May 24, 2016

The Moral 'If'

The Moral 'If'
Our moral language is in essence the language of obligation, the 'shoulds' and 'oughts' we employ. Whether we believe that the root of morality is divine fiat, the laws of nature, an economy of utility, a socially evolved survival mechanism, or an exercise of human freedom, we always experience morality in terms of shoulds and should nots. If this normative language is what characterizes morality, it’s our misunderstanding of that normative context that I believe is our greatest error.

The context of ‘should’ is ‘if’. I would go so far as to say that every ‘should’ implies an ‘if’ before it. Should always follows, often implicitly, in the form "if you want to..., then you should..." If you want to stay dry on a rainy day, you should carry an umbrella (or wear a rain jacket). If you want to keep your job, then you should follow your supervisor's directions. If you want to graduate or do well in school, then you should do your homework (in a way that satisfies the teacher). Each of these ‘shoulds’ are directions that you need follow if you want to achieve some end given a certain set of circumstances. The end in mind and the limitations of the give circumstances are the context of moral language.

The examples I just gave above, the weather, work, and school, are amoral. The question is, what differentiates amoral and moral normativity. My simple answer is nothing. The same language-form I applied to everyday choices applies to questions about charity and poverty, war and peace, sexuality and medicine. The difference lies only in the complexity of the limiting circumstances and the end we have to achieve. (In technical terms, the difference is quantitative, not qualitative.) Take war as an example, the moral questions are immensely difficult because of the complexity (to the point of absurdity) of the ideal of a global peace in a world of seven billion diverse individuals. The complexity does not arise because morality is a distinct discourse from, say, the simple question of staying dry. Both are examples of what Immanuel Kant, and the Greeks before him, knew as practical reason. To be more straight forward, we could replacing the idea of ‘practical reason’ with ‘strategy’. Morality is as simple and as difficult as plotting a navigable course from England to Queensland – it’s a simple matter of knowing where you are and where you’re going, it’s the difficult matter of knowing how to navigate every contingent obstacle that lies in your way (and also actually knowing where you are and where you’re going).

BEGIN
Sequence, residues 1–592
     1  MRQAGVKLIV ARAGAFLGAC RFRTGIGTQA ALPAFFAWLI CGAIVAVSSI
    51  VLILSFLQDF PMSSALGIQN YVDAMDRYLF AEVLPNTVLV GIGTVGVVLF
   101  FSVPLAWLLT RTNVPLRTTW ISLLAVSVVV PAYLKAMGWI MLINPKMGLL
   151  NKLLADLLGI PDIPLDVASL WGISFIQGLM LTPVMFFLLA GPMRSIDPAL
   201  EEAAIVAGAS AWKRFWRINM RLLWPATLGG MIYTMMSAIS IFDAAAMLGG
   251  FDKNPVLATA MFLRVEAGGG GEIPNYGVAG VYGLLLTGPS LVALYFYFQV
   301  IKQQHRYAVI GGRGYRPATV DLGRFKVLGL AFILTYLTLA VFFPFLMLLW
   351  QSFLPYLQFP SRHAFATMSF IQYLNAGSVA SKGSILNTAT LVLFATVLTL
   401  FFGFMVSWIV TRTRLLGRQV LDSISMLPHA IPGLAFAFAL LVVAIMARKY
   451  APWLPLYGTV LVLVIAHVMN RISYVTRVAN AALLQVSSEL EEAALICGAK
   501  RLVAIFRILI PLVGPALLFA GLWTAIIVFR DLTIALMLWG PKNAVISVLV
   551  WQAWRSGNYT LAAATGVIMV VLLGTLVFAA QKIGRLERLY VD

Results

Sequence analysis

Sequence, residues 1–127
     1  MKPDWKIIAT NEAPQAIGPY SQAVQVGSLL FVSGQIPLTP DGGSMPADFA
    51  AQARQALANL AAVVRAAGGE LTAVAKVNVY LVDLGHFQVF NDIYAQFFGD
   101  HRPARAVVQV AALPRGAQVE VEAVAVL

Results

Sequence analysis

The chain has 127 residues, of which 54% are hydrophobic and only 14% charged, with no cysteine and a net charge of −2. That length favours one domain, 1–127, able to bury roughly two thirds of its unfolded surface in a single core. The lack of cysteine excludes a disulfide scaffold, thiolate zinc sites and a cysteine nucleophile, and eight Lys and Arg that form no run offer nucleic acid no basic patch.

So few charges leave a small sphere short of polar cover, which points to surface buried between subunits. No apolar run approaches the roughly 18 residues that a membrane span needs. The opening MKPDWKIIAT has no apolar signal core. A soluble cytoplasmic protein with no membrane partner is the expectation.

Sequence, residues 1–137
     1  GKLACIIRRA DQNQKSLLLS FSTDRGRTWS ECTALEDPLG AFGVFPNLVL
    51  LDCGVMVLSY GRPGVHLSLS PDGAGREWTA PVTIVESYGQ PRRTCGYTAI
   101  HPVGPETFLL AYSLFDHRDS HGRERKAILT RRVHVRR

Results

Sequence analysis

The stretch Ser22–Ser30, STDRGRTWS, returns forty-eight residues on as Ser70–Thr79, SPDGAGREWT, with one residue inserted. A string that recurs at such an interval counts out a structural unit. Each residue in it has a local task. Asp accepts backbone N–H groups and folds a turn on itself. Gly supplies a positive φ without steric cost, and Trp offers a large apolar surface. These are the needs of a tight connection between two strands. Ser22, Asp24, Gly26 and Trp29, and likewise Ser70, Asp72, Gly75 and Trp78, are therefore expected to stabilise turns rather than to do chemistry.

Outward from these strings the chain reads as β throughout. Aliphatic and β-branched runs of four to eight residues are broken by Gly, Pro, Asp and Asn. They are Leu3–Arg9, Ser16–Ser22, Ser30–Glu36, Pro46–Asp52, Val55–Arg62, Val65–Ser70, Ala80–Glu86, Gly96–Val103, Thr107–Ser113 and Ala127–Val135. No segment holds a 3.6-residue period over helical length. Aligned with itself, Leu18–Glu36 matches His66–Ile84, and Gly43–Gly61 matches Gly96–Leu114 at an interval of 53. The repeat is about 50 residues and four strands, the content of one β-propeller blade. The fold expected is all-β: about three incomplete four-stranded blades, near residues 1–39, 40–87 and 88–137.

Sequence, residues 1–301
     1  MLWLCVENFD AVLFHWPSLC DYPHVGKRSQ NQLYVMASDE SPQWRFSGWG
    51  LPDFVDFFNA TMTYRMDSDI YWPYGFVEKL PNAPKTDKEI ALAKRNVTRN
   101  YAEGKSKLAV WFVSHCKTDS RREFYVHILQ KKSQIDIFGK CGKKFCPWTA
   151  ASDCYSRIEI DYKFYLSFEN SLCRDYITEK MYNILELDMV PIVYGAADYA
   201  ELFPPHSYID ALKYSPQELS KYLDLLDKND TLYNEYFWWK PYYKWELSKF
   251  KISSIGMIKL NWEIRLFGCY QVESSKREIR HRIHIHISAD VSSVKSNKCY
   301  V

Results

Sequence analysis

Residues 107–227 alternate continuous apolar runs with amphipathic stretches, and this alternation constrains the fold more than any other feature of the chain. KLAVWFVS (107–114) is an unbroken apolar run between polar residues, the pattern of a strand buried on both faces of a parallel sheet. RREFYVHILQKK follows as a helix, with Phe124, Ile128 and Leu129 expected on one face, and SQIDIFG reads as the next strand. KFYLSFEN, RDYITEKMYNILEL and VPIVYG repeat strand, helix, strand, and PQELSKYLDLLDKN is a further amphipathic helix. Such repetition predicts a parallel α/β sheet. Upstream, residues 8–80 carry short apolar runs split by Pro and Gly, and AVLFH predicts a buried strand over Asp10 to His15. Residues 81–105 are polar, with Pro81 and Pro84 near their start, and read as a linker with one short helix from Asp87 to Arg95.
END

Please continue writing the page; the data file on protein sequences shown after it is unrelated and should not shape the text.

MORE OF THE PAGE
There’s a long tradition of this kind of thinking called teleology. In short, teleology begins with the end goal and the material conditions and then derives its means from there. What I’m arguing for is a kind of modest teleology but I prefer the ‘if…then’ construction to the more typical ‘do A in order to reach B’. The reason is because the end, B, is what should first be considered. “If you want to reach B, then do A… but are you sure you want B?” It’s a question of agency.

Agency is central and irreplaceable to my view of morality and too easily ignored in the traditional formulations of teleology. I begin with "If you want..." Of course, my desires are themselves complex. I want to finish writing this post. I also really don’t want to keep writing. My desires are incoherent, but if I want to finish, then I should keep writing; if I want to relax, I should stop. My moral impulse (or strategic thinking) to do exactly what I’m doing is in a contest with another impulse. The wisdom of morality lies in the ability to clearly see what I want most of all and bend my actions toward that end. Finishing this piece is more in line with my deepest moral ideals, my values and hopes, and I’m not actually that tired, so I should follow through.